NEWZ073 Don’t Suspect A Friend, Report Him

Ukraine-Russia Standoff — Ugandan Anti-Gay Law — Israel Convoy Bombing — Indian Third Front — Nigeria School Attack — Poynter

Episode Image for NEWZ073 Don't Suspect A Friend, Report Him As the world's media goes into full gear over Ukraine-Russia standoff, we look at the timeline of events. Uganda has now passed some of the worst anti-gay laws in the world. Israel admits yet does not admit to destroying another weapons convoy heading to Lebanon from Syria. Smaller parties in India unite to form an alternative to the big 2 in the upcoming election. Boko Haram militants attack a boarding school in Eastern Nigeria. This week's Newz Source is the Poynter Institute.

avatar Mark Fonseca Rendeiro
Caldas da Rainha, Portugal
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avatar Tim Pritlove
Berlin, Germany
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Duration: 0:42:51

 

 

 

 

2 thoughts on “NEWZ073 Don’t Suspect A Friend, Report Him

  1. This new episode did not appear on the app.net Metaebene account which I regularly check. So I only noticed it today.

    Actually of the members of the Community for Democracy and Rights of Nations the Nagorno-Karabakh Republic is not associated with Russia other than historical ties and the latter’s involvement with the international management of the conflict. The majority of the population is Armenian. As to what the other three get out of this, I think there is financial aid, but all these conflicts are at some level about self-determination albeit so muddled up with Russian geopolitic interests that it’s probably impractical to separate these two motives.

    Much the same is true of Crimea. What I find a little underreported is that Russia already has had problems with Ukraine regarding the Black Sea Fleet, such as the imposition of fees or restrictions on the size and type of deployed vessels. Russia has started the construction of a backup naval base at Novorossiysk on the opposite site of the Kerch Strait a while back. Here is an article from last year that looks at this: http://www.lucorg.com/news.php/news/6765 So in the discussion in Germany it is sometimes implied that Russia is overreacting in seeing the status of Sevastopol and other installations threatened, but I think it is reasonable to assume that more problems would have arisen with an even less favorable government in power in Kiev. On the other hand I think Novorossiysk could substitute for Sevastopol in the long run, I don’t think Crimea is critical in that regard. Except of course when you think about who could move in next and if you are a paranoid Russian strategist you are thinking big NATO naval base. So there is that, but mostly it’s a cultural-political issue for Russia. As much as Putin is painted as a solitary leader, he is a nationalist politician with a power base to please.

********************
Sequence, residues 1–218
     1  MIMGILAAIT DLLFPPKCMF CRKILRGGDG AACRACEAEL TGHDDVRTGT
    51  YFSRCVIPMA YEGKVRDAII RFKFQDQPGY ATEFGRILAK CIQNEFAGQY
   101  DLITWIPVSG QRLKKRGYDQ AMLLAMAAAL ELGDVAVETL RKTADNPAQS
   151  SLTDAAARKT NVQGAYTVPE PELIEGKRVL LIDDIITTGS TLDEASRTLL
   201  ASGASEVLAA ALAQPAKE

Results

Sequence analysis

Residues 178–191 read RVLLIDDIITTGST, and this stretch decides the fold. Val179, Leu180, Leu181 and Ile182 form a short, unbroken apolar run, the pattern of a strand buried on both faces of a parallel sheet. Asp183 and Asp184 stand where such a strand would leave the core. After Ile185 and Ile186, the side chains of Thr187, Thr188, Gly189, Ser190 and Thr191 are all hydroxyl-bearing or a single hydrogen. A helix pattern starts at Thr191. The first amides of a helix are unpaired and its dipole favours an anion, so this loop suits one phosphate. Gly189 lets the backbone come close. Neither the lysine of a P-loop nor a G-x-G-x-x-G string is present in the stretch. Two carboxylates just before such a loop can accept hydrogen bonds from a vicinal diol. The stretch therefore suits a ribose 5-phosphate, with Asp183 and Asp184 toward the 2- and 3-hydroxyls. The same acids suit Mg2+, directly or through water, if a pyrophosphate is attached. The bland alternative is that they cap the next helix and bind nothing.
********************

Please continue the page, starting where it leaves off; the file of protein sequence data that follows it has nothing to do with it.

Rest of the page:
You didn’t mention the US evangelical angle with the Ugandan law. There is an upcoming documentary, “God Loves Uganda”, that portrays the role missionaries supposedly played in getting it started. Here is a short preview video from the Guardian website, that also shows some eerie footage from the parliament and the cheerful reception the proposed bill got there: http://www.theguardian.com/world/video/2014/feb/25/us-evangelical-missionaries-gays-uganda-video

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